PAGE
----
Quandry

I’m trying to decide whether to have a full existential meltdown, or just analyze away something that’s digging away at the corners of  my mind. Let’s see where I wind up after telling you this:

A new mom, amazing person with lots of early childhood experience told me this week, “I don’t get it. This is a lot of work, but it’s just not that hard. Why do people say this is so hard?”  Cut to a few hours later, and a professional, kick-ass mom who is quite open about not finding her reason for being in parenting,  said, “There are just some women who are meant to do this. I’m not one of them.”

So I’ve been thinking, incessantly: am I cut of non-parenting cloth because I do find it hard, or are we having a difference not of opinion but of semantics? No, it’s not hard. It’s exhausting, not hard. It’s  draining, not hard. Parenting full time is more work than I’ve ever done, but it’s not, she’s right, actually hard. It is hard to do it all day every day, but the work, itself, is not hard. Hard to make it through behaving properly, but not hard to do. Fine.

A five-year veteran who doesn’t think she was  cut out for parenting has always made me feel like I’m doing okay. Now I’m rocked by a mom who has tons of pre-baby experience with children and has spent two months with her own babies and doesn’t see why people warned her it would be hard.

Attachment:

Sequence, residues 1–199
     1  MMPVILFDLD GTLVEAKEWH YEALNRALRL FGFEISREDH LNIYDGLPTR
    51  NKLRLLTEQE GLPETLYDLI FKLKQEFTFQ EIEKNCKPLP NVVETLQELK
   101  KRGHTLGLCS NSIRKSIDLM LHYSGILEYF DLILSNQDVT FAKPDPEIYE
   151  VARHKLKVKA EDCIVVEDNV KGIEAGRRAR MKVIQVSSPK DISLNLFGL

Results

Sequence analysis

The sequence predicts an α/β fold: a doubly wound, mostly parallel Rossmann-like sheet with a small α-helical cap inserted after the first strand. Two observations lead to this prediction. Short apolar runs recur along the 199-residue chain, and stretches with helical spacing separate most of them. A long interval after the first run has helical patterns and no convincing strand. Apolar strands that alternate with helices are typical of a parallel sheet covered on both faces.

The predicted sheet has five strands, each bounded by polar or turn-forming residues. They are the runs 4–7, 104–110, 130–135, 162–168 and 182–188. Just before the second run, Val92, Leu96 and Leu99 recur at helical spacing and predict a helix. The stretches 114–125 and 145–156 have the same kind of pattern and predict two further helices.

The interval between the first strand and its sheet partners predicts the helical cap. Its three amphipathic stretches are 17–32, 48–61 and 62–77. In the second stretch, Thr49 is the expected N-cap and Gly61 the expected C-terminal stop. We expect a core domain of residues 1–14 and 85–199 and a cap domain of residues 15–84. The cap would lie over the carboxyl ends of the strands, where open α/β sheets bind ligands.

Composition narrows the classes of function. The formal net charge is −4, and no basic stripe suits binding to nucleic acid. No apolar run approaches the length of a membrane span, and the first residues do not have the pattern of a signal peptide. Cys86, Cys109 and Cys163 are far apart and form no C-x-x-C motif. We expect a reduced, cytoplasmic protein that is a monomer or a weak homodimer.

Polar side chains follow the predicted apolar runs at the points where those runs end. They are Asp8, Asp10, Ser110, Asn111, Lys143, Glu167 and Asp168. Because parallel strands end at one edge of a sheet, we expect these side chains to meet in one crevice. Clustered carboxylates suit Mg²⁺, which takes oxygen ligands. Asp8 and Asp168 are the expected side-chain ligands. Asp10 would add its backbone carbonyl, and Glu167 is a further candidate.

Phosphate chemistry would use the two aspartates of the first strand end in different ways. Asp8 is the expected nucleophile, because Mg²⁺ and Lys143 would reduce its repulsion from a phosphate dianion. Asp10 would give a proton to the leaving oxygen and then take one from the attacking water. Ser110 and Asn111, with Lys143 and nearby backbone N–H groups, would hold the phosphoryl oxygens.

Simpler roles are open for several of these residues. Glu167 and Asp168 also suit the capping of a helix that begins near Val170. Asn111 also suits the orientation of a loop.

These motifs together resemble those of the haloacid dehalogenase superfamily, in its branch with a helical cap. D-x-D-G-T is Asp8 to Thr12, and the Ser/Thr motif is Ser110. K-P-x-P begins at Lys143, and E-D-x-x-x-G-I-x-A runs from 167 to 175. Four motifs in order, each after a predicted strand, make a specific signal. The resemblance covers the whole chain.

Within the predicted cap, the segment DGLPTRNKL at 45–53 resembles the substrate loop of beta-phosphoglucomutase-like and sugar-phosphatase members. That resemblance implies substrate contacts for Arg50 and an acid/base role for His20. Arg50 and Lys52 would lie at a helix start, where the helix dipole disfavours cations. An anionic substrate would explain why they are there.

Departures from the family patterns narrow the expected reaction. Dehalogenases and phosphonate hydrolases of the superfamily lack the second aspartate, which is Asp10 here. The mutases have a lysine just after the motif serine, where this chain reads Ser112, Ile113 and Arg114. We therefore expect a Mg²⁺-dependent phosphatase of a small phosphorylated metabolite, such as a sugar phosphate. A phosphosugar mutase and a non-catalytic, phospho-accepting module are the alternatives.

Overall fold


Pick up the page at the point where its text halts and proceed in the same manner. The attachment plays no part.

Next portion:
Maybe my phase with a newborn was different because our first four months were colored by intense breastfeeding pain. But every new family has issues that make things tough, though, so I can’t write off my lack of pleasure  as resulting from early pain.

Maybe because I start thinking, about an hour before nap and all the time after nap, every day since my child was six months old, “when are you going to sleep?!?!!!”, maybe I’m not cut out for this  work. I’ve known for a long time that my child probably deserves a more patient caregiver, but that I can’t fathom having someone else raise my child. Why have a kid, I’ve always reasoned, if someone else will spend  more time with my child than I will? But that new mom, who doesn’t think life with a newborn is hard, makes me think maybe I should have someone else do this for me. Because I don’t always like this job. In fact, I rarely like this job. Love the kid, loathe the work. The not-hard work.

I can’t get over that it’s not just the language.

Of course, I didn’t feel put out by motherhood until six or seven months. I didn’t feel completely out of my element until past a year. So maybe if I wait this out, that new mom will come over to the side of those of us who think we were probably made to do something else.

I doubt it though. She’s probably just going to be one of those who do it all well, easily, and with a smile.

Lucky babies.

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Rescue Remedy by the quart

I’m realizing just how many of my posts are angry, bitter rants. I’m trying not to feel guilty about that, because that’s the stuff I need to get out. I bottle it up all day because I don’t think it’s appropriate to be snippy in front of my son. And lucky for Spouse he’s 400 miles away or he’d take the brunt. So blogging has really helped get the vitriol flowing and out. I store up every ounce of courage I have and project peace and thoughtfulness and patience (mostly) during the day. But I’ve got to let the rants out. Leaving them inside blocks up all my mental pores and gives me angry, bitter, negative acne on my brain and in my heart.